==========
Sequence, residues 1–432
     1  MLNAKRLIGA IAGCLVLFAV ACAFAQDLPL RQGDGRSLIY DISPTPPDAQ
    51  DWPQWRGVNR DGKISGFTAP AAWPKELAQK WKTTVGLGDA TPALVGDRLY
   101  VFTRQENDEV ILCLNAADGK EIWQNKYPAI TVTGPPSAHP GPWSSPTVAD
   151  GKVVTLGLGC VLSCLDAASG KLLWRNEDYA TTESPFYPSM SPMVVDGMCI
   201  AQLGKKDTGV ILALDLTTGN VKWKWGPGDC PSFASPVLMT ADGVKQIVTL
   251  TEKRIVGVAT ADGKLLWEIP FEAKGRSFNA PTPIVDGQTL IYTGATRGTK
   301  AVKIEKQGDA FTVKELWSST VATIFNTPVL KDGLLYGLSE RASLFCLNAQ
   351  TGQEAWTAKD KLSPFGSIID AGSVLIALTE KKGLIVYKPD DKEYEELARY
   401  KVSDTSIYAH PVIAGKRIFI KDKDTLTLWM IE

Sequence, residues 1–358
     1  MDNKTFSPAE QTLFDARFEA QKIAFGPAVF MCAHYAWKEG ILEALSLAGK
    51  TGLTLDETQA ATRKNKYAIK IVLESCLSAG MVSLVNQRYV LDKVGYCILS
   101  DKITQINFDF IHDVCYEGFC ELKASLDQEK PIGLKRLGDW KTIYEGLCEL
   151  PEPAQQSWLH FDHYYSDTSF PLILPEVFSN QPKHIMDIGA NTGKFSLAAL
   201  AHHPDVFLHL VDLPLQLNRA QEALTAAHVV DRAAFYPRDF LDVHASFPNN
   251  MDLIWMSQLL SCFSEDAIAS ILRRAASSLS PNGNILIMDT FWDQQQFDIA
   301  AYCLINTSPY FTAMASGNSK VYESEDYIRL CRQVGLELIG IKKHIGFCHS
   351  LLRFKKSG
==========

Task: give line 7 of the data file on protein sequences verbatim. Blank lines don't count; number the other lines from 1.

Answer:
   251  TEKRIVGVAT ADGKLLWEIP FEAKGRSFNA PTPIVDGQTL IYTGATRGTK